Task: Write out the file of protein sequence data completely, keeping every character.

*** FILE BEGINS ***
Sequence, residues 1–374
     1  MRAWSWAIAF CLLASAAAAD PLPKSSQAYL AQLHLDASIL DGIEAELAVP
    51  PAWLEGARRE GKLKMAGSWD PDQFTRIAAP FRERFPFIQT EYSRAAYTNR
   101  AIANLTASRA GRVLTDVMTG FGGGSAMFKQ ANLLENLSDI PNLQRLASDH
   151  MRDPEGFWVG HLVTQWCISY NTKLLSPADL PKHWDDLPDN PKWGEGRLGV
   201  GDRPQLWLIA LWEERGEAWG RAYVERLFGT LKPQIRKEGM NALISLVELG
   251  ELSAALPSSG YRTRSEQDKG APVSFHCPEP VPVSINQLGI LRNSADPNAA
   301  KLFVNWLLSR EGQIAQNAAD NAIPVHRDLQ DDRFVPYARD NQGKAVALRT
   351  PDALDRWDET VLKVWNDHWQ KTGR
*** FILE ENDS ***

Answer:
Sequence, residues 1–374
     1  MRAWSWAIAF CLLASAAAAD PLPKSSQAYL AQLHLDASIL DGIEAELAVP
    51  PAWLEGARRE GKLKMAGSWD PDQFTRIAAP FRERFPFIQT EYSRAAYTNR
   101  AIANLTASRA GRVLTDVMTG FGGGSAMFKQ ANLLENLSDI PNLQRLASDH
   151  MRDPEGFWVG HLVTQWCISY NTKLLSPADL PKHWDDLPDN PKWGEGRLGV
   201  GDRPQLWLIA LWEERGEAWG RAYVERLFGT LKPQIRKEGM NALISLVELG
   251  ELSAALPSSG YRTRSEQDKG APVSFHCPEP VPVSINQLGI LRNSADPNAA
   301  KLFVNWLLSR EGQIAQNAAD NAIPVHRDLQ DDRFVPYARD NQGKAVALRT
   351  PDALDRWDET VLKVWNDHWQ KTGR